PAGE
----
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Wednesday, 24 April 2019 03:41 pm

Why local body elections aren’t occupying our minds

vote wgtnMAIN

WHY VOTE?: Matthew Beveridge and a Wellington poster urging people to vote.

AS local government elections roll out, voting is occupying the minds of Wellingtonians.
Or is it?

Ministry of Social Development data shows that local government voting is on the decline, with less than half of those enrolled to vote bothering to do so.

Voter turnout rates are an indicator of the extent to which citizens participate in the political process, the confidence the population has and the importance they attach to political institutions.

A lack of information about local government candidates, and a lack of enthusiasm for the voting process is the reason many people choose not to vote in local government elections.

Matthew Beveridge, a teaching student from Brooklyn, believes people choose not to engage in local government elections because there is a lack of media coverage and an absence of useful information.

“You see all the signs around, but local government is just not exciting,” he says.

Dr Jacky Zvulun studied voter turnout and electoral participation as part of his thesis for Otago University last year.

He suggests a variety of influences behind the drop-off:

  • busier 21st century lives,
  • a lack of motivation through the print media,
  • a voter base that is disconnected to the issues of the day,
  • and a public tiring of postal voting.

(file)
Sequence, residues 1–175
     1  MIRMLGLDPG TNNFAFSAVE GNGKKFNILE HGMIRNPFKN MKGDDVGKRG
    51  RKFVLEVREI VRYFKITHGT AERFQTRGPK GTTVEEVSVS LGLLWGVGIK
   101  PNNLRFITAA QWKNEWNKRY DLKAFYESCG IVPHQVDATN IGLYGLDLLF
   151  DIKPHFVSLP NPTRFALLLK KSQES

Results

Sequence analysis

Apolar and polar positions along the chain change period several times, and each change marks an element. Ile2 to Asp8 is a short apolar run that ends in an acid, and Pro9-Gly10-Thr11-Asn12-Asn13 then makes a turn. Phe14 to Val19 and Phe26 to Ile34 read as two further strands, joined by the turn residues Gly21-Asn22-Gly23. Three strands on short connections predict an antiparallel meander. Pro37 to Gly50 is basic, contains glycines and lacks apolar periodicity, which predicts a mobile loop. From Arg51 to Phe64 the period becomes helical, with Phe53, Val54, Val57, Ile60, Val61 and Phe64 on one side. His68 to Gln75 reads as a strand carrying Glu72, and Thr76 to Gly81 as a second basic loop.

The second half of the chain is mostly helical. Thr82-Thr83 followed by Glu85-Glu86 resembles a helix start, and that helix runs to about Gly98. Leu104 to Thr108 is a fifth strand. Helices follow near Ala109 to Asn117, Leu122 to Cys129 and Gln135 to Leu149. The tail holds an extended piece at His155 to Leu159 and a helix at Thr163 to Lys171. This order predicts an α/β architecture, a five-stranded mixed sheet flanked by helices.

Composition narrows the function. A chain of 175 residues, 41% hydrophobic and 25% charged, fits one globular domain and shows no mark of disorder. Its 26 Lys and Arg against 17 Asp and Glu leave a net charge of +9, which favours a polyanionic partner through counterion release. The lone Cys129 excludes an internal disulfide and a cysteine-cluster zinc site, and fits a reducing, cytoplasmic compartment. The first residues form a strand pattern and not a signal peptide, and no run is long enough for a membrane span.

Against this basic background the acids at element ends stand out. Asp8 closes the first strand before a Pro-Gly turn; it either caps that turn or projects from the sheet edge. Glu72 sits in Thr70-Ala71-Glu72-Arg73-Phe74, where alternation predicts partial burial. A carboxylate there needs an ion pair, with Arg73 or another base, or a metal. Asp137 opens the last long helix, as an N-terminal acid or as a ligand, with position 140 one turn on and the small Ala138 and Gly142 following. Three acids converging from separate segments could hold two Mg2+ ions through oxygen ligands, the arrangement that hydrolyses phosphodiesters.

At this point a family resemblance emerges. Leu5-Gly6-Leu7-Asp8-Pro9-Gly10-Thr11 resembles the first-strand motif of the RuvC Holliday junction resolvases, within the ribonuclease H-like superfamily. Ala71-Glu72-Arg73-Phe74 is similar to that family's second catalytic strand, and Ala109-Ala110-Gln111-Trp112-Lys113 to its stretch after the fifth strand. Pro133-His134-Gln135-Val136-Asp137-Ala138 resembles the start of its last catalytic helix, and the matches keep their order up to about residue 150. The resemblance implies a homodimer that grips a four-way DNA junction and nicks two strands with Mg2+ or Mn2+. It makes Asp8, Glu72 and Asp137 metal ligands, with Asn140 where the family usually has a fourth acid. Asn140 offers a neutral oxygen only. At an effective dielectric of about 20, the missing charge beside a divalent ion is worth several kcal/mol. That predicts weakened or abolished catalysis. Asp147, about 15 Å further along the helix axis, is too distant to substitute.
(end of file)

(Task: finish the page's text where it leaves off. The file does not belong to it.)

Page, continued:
Matthew believes there is less accountability in local government, which leads to a lack of engagement and it all just leads to a vicious cycle of people who do not vote because they just do not care.

“In local government, there is no accountability for the use of rate-payers’ money.

“So no one cares, because there is no responsibility. Most people seem to think that there is this mythical creature down the bottom of the garden printing money.”

Matthew thinks people do not realise that the government is them: “They think there is this giant pool of resources but it comes from us, the public…. people seem to forget that.

“We all want stuff, but no one wants to pay for it.”

Local Government New Zealand (LGNZ) governance manager Mike Reid says surveys show people are voting less because the Government had made voting too complicated.

Inquiries after the 2004 and 2007 local body elections recommended that the Electoral Commission needs to provide more education and information about elections, the re-introduction of ballot boxes and a reduction in the voting time frame.

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  1. Good article – thanks. But why quote MSD for the poor election turn-out? That’s not a core concern of Social Devpt…

  2. i agree with most of Matthew’s comments. Somewhere in the the mid 50’s when I started to take an interest in the voting process the polling booth day was quite an event.
    Nowadays following the election process right through to most people is a little bit like watching grass grow. Very boring and I suspect in most people’s opinion pretty much a complete turnoff.
    No wonder people are not interested in voting anymore.
    The letter box used to be mostly a place for collecting useful forms of communication and mostly were not accompanied by loads of junk mail that now appear with the letters that have been posted to you.
    Included in that lot of course at election time are the additional political messages which most people consider junk.
    I would guess that the news media do not fall over backwards to help the democratic process of elections mostly because in general their agendas are mostly more concerned the day to day business of profit motives and the business daily communication. Who Knows?
    Bring back polling booth day.

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